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Hey I want to build a model in R and one of my idependent variable is categorical (it takes 10 different values). I change the type of this variable from "char" to factor and build a model in R by lm formula. Then I used step function to choose the model with lower number of variables, but this step function didn't delete any from 10 different values of my categorical variable. The opposite situation is when I create dummy variables for this variable and in this case after step function I get only 2 dummy varialbes. So I always have to split my variable into dummy variables because R don't do this for me?

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    $\begingroup$ The best solution to this problem is probably not to do stepwise predictor selection at all. See this page among many others on tis site. $\endgroup$
    – EdM
    May 21, 2021 at 12:42

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The function step does not delete any level of your variable because it considers all the dummies as part of one single variable whose (at least one) coefficients turn out to be significant, that is different from 0.

If you manually build up the dummies the function step does not recognise them as part of a single variable so tests if every single coefficient is equal to 0.

The usual approach I take is to verify with the stepwise regression approach which variables should be included in the model. Then check the summary of the selected model and decide whether I should rearrange the categories of the categorical variables. As an example, if you have a lot of categories and only few of them are associated with significant coefficients you can "collapse" the non significant ones into one category.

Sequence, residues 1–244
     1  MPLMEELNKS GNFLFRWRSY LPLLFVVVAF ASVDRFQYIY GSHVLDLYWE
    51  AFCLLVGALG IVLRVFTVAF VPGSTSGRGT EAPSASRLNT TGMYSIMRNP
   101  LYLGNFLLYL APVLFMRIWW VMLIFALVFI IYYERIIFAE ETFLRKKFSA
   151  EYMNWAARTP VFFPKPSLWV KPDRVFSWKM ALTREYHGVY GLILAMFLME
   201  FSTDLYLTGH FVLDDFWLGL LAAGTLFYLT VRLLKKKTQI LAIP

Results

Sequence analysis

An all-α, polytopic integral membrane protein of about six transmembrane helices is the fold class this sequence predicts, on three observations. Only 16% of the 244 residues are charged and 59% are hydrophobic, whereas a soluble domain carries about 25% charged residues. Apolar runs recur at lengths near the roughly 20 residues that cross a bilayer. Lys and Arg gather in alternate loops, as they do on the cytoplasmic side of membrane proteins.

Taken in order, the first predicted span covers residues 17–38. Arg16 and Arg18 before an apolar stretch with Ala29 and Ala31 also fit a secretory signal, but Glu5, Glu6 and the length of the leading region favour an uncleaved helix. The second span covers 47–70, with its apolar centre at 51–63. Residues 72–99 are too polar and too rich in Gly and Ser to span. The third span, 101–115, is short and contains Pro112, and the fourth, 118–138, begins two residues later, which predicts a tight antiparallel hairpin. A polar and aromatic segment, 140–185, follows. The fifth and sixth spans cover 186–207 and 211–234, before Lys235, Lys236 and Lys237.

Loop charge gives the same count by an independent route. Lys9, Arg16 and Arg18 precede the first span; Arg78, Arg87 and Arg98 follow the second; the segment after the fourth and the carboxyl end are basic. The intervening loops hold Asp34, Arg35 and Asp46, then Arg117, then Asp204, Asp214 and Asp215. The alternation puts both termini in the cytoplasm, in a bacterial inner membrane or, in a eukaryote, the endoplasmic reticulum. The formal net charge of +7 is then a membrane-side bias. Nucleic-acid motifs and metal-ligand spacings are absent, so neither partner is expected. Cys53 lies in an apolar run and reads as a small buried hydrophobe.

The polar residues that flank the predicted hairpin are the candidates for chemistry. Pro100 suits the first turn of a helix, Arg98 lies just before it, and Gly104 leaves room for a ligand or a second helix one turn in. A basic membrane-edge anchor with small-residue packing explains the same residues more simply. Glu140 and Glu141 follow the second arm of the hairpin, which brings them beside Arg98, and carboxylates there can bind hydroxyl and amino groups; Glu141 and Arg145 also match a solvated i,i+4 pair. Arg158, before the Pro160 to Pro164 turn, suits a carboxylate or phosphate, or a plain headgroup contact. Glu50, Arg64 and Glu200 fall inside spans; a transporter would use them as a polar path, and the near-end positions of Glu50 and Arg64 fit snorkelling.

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  • $\begingroup$ thanks for your answer! So if I want to reduce number of variables in my model I have to create dummy variables? You write that you "collapse" the non significant ones into one category, but in that case, will our matrix not be invertible? If we don't include these non significant variables in our model, are they included in intercept term? $\endgroup$
    – Math122
    May 21, 2021 at 20:22
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    $\begingroup$ You can use a categorical variable (factor) builded from the original one with all the categories you want to model plus one for all the others. e.g. a variable with categories: c("north", "south", "east", and "west") in which only "north" and "south" are significant can be considered as a new factor with levels "north", "south", and "east-west". One of these categories will be your reference category and its effect will be considered in the intercept (otherwise you have to remove the intercept). Working with factors avoids you to worry about collinearity. $\endgroup$ May 24, 2021 at 8:43

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